Hi Peldon, I went to the text view, clicked on the IMG button and added in the html link to the image. I need to go back and add in the citation, so thanks for the reminder!
October 18, 2015 at 4:21 pm #2568Kate McKelligetParticipant
Hi Robynne! Just dropping by to say that I really enjoyed your post. It’s clear that you have a great understanding of this topic. I also liked how you brought the Twitter chat into your reflection and also the way you formatted your post. I particularly like the last line you wrote
librarianship and libraries are truly experiencing extraordinary changes in their nature and finding ways to adapt, survive and thrive is a significant challenge.
I find it really inspiring how libraries and librarians never let these starts of changes stop them. They always keep moving forward, as you say, adapting, surviving and also thriving. Great!
- This reply was modified 4 years, 1 month ago by Kate McKelliget.
October 26, 2015 at 4:28 pm #2774
Thank you Kate, the topic was a lot more interesting than I thought it was going to be 🙂 And you’re right about libraries changing! I’m so glad I’ve done this course or I may never have understood the extraordinary way libraries are evolving and innovating to keep themselves relevant and at the forefront of changes. I find it inspiting too.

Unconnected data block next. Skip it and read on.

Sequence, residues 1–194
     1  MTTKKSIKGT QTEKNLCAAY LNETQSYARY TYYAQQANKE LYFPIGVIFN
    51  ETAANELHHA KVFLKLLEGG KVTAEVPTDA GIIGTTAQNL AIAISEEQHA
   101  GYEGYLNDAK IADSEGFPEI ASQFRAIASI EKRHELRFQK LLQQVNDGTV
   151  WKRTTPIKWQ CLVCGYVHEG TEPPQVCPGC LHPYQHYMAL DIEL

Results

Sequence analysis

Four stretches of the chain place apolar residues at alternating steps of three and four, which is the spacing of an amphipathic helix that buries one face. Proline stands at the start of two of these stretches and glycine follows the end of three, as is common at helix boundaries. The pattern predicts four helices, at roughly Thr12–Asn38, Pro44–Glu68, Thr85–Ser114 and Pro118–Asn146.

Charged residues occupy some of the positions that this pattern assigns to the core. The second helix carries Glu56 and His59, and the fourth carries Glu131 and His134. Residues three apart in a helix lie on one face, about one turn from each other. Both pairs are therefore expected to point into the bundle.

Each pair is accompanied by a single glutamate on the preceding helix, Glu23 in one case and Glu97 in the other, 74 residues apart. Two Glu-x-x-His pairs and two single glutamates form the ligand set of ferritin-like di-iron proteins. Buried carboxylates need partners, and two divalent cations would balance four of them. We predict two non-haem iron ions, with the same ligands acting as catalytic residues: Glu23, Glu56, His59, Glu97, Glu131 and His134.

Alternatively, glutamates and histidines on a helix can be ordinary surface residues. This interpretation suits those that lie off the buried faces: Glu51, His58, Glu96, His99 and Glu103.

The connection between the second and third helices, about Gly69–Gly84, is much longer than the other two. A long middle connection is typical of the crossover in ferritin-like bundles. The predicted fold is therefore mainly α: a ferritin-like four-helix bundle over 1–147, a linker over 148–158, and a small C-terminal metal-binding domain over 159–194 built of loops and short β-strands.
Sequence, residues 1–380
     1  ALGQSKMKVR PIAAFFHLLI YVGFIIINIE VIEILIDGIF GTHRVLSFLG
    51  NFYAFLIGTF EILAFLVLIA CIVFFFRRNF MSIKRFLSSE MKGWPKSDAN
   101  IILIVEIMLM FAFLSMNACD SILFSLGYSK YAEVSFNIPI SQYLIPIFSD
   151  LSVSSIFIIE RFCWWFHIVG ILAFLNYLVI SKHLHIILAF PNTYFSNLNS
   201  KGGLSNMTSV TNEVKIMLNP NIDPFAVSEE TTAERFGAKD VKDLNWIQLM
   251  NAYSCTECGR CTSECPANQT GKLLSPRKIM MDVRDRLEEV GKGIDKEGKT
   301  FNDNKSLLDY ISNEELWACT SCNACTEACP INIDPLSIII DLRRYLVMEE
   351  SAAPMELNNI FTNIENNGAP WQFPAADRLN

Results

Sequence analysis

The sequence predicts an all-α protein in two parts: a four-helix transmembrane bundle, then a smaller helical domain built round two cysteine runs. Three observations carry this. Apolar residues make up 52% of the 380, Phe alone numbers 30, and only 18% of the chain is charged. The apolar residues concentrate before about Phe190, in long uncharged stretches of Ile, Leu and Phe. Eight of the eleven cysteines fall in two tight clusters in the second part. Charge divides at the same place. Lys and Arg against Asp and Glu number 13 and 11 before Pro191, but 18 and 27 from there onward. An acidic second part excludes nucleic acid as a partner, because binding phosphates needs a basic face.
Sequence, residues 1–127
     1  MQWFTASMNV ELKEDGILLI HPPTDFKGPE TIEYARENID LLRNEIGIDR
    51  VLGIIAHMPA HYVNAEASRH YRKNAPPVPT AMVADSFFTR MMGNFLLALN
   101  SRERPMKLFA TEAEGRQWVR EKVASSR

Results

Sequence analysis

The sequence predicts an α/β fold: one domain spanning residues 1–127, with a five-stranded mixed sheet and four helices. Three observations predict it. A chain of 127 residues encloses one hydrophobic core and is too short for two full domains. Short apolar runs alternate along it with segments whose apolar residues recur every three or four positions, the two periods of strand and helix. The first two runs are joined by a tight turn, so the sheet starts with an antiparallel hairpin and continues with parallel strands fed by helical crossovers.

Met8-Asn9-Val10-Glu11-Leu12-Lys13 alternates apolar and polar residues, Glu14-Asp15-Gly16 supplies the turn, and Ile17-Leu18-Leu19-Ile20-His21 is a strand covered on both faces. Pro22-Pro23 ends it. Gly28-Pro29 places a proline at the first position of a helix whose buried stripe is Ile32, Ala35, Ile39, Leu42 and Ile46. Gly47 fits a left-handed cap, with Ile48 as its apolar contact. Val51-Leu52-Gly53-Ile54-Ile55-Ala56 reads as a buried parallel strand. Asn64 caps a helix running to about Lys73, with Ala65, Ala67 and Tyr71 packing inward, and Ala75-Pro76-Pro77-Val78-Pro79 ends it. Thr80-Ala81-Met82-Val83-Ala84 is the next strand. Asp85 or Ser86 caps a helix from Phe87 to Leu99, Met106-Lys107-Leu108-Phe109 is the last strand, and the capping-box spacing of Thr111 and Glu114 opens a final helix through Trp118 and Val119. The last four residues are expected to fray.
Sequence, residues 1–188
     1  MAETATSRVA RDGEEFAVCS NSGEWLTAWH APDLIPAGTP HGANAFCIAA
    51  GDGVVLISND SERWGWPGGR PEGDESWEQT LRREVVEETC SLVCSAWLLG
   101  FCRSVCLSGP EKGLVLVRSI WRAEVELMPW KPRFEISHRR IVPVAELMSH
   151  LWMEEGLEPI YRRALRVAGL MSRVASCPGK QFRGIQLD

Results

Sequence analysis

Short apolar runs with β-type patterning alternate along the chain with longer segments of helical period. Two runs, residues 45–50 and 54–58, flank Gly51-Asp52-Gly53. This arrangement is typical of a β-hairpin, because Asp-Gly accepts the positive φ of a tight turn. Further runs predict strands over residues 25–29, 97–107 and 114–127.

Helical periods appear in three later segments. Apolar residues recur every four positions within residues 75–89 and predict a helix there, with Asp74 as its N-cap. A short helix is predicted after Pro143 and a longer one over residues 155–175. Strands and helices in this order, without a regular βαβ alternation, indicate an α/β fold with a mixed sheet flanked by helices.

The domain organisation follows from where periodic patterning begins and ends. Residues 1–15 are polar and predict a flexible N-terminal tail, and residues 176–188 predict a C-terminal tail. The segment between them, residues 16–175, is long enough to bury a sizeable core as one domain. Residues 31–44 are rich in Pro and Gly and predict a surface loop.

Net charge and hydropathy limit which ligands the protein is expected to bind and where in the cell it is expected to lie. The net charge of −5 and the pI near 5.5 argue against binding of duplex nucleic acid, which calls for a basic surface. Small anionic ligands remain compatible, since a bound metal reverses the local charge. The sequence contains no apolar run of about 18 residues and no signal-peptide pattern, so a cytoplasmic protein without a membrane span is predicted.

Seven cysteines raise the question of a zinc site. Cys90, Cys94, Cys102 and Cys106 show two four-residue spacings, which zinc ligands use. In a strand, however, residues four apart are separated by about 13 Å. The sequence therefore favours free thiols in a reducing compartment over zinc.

October 30, 2015 at 6:25 am #2852Steven WalkerParticipant
This is awesome review of the discussion, Great post, thank you! Siimply amazazing!
- This reply was modified 4 years, 1 month ago by Steven Walker.
November 1, 2015 at 8:16 pm #2919
Thank you Steven 🙂 I enjoyed reading about this area. I’ve learned a great deal from this course, not just about libraries but about the way things work. Such as research and funding and the politics and machinations behind them. Oh for a world where research and knowledge were separate from the grubby business of money! But of course that has never been the case and, no doubt, never will be so we have to learn to play the game and remain adaptive to changes in the rules.